We can’t solve the world’s problems by ourselves, and we can never force others to behave how we want them to (a bedrock Stoic principle). Of course I sometimes think about how great it would be if I could do more to influence those around me, and there are days when I despair of the direction our whole society is going. It can be tough and isolating to keep teaching the value of good character and of social service in a selfish era, when so many focus only on "I, me, mine"... It reminds me a little of the uphill battle that the Wicked Witch experienced in the show we saw, as she tried to help others and make the world better in her own way, while ultimately being labelled "wicked."
In fact, as a Stoic parent, you may feel isolated and misunderstood, much like the witch in Broadway's Wicked. These challenges are no reason to give up. It is valuable to keep working towards greater civility, respect for others, self-control, honesty, justice, and human wisdom within our spheres of influence, and to attempt to expand those spheres as much as possible… however our circumstances allow.
How about you? Do you have any suggestions for how to make a difference? Let’s brainstorm about how living our life philosophy, and sharing it with others, can contribute to our world.
It’s back-to-school season in my house, and my two kids are each starting at a new school. My family will have a lot to figure out, and we’ll be working on new routines soon. This prompts a question: How do you feel about time-bound routines?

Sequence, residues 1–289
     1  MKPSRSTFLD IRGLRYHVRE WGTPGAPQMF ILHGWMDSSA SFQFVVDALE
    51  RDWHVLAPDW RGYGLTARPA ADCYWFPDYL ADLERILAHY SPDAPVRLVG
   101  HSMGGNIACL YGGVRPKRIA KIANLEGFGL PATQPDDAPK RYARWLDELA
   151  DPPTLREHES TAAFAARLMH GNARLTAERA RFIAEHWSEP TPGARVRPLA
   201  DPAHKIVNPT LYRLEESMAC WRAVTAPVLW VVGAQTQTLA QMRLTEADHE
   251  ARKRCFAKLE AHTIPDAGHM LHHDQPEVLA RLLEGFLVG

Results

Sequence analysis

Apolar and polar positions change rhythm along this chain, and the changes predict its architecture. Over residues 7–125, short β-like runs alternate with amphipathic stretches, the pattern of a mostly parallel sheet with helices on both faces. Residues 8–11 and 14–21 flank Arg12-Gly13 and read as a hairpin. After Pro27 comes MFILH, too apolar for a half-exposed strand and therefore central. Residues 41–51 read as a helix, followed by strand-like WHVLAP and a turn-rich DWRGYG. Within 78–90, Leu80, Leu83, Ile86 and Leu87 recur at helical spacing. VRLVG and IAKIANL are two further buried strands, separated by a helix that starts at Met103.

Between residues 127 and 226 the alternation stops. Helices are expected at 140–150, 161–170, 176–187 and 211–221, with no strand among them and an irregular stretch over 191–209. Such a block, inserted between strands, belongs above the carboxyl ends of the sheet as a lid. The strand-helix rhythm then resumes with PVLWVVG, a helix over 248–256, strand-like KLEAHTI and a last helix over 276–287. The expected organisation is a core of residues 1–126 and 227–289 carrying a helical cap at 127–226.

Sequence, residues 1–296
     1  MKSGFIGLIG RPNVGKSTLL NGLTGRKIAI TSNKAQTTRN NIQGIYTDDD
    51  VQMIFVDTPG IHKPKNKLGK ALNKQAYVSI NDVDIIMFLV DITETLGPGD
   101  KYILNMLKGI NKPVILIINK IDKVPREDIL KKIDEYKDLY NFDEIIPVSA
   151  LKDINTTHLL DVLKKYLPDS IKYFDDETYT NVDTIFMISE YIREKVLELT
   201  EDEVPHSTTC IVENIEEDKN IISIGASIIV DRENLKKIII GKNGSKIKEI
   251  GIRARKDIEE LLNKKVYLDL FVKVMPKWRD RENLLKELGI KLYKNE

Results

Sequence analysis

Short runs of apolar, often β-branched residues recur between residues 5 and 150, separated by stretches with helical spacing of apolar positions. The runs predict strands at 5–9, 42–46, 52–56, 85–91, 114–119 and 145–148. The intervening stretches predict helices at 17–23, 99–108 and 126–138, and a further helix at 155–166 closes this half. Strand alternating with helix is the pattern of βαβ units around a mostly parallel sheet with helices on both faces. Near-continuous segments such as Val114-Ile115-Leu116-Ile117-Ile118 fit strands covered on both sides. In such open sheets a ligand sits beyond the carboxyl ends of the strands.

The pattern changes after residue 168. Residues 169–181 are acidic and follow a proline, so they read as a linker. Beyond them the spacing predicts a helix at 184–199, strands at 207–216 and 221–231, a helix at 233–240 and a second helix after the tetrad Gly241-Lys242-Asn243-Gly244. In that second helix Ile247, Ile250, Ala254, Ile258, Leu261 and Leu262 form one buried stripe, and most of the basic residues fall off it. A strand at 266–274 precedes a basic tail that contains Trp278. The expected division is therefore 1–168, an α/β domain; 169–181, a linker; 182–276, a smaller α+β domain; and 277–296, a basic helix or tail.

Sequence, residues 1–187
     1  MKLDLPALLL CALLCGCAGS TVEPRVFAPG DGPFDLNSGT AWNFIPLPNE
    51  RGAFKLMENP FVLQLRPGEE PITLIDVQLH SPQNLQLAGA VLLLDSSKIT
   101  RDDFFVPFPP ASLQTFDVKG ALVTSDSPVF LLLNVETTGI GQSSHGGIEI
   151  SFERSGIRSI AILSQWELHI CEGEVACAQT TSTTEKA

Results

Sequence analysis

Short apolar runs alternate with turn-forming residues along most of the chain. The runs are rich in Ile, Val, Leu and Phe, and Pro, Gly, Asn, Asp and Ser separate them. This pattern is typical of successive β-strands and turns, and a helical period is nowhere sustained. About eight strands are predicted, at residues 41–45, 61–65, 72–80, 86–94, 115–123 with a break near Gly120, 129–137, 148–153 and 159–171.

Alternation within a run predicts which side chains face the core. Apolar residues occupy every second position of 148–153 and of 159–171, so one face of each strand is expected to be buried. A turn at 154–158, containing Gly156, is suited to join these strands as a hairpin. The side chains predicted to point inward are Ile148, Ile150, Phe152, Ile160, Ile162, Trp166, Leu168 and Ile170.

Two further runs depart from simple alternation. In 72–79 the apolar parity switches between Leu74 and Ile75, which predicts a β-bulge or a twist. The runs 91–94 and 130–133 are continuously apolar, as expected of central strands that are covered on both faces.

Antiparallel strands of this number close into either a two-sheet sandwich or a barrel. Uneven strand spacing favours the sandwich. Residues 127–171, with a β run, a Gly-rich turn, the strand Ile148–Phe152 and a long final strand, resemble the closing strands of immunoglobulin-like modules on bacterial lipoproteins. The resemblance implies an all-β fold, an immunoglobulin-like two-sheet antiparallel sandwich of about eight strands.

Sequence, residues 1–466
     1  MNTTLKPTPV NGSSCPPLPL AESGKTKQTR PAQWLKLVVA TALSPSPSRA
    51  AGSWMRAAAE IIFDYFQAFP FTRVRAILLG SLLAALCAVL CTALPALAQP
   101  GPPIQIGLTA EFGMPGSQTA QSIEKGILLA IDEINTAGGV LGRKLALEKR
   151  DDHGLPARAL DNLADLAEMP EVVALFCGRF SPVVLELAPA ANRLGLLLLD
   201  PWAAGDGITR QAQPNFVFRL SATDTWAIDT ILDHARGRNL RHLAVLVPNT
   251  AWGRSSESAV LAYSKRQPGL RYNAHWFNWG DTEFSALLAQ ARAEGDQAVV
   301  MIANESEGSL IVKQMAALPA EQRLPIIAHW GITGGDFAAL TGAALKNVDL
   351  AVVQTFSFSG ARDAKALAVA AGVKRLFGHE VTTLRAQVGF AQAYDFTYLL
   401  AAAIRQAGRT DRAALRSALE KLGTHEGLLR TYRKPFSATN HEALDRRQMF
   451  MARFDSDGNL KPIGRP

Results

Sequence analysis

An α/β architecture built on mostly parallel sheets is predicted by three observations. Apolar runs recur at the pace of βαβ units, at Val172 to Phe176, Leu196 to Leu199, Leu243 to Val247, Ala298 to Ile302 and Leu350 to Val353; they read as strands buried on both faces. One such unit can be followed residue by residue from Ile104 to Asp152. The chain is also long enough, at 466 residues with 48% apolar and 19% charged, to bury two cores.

All my life, I have avoided them. I have never really had a very fixed time for doing anything—not even getting to school when I was a student myself.
I was the one who caused my younger sister to get numerous “tardies” to class in high school. You see, I was old enough to drive her to campus, but not disciplined enough to get her there before the 8:10 am bell rang. Lucky for her, she had the benefit of a kind and not super-strict art teacher as her homeroom advisor. She didn’t suffer as many consequences as I did, a senior whose homeroom was led by a lovely English teacher whose patience was so tested that she eventually referred me for disciplinary measure for “excessive tardies.”
I was sent to a series of "breakfast clubs" as a result. (My school formed the model for the large institution depicted by director John Hughes in the 1985 Breakfast Club movie. But in real life, breakfast clubs happened at an excruciatingly early hour on weekday mornings, not during the weekend as shown in the movie. So in a sense, the timing of it was punishment enough for me.)
But even that did not stop me from showing up late some of the time to high school. I did well in many things, but not in setting my bedtime, waking time, time for getting to class, etc. You get the picture.
Now, I’ve organized my life so that at least in some ways, I can continue to control elements of my own schedule. But one of the ones non-negotiables nowadays is getting my KIDS to school and picking them up as needed. I’ve finally grown up enough to realize that making other people late is not OK.
Happily, my husband drives the kids to school most mornings, and as the years have passed, I’ve accepted the fact that you actually have to wake up at a specific time (which means getting to bed at a specific time) to get everyone on schedule, myself included. Driving factors surrounding school, my job, kids’ extracurriculars, volunteering, family needs, etc., keep me a lot more honest with my time these days.
And as I’ve adopted a Stoic-inspired life philosophy, I’ve come to see more virtues in a routine. I might even consider trying to follow more of them.